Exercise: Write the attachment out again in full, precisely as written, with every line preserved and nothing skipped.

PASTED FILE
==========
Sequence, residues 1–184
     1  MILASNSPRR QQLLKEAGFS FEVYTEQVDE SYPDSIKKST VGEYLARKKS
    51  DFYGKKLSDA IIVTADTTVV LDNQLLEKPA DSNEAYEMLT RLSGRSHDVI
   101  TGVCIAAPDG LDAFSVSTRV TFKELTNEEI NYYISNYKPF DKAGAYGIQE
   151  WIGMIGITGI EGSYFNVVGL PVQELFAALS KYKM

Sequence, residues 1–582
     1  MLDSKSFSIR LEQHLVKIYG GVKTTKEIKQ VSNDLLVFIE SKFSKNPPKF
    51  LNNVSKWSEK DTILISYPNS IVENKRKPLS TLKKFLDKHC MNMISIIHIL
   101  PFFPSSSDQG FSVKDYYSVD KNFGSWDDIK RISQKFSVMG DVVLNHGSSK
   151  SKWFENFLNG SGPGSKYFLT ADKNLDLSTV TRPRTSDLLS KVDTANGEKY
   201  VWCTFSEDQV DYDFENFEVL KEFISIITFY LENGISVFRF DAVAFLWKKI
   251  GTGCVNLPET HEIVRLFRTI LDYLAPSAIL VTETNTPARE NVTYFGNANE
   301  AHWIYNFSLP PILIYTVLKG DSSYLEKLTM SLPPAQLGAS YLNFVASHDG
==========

Sequence, residues 1–184
     1  MILASNSPRR QQLLKEAGFS FEVYTEQVDE SYPDSIKKST VGEYLARKKS
    51  DFYGKKLSDA IIVTADTTVV LDNQLLEKPA DSNEAYEMLT RLSGRSHDVI
   101  TGVCIAAPDG LDAFSVSTRV TFKELTNEEI NYYISNYKPF DKAGAYGIQE
   151  WIGMIGITGI EGSYFNVVGL PVQELFAALS KYKM

Sequence, residues 1–582
     1  MLDSKSFSIR LEQHLVKIYG GVKTTKEIKQ VSNDLLVFIE SKFSKNPPKF
    51  LNNVSKWSEK DTILISYPNS IVENKRKPLS TLKKFLDKHC MNMISIIHIL
   101  PFFPSSSDQG FSVKDYYSVD KNFGSWDDIK RISQKFSVMG DVVLNHGSSK
   151  SKWFENFLNG SGPGSKYFLT ADKNLDLSTV TRPRTSDLLS KVDTANGEKY
   201  VWCTFSEDQV DYDFENFEVL KEFISIITFY LENGISVFRF DAVAFLWKKI
   251  GTGCVNLPET HEIVRLFRTI LDYLAPSAIL VTETNTPARE NVTYFGNANE
   301  AHWIYNFSLP PILIYTVLKG DSSYLEKLTM SLPPAQLGAS YLNFVASHDG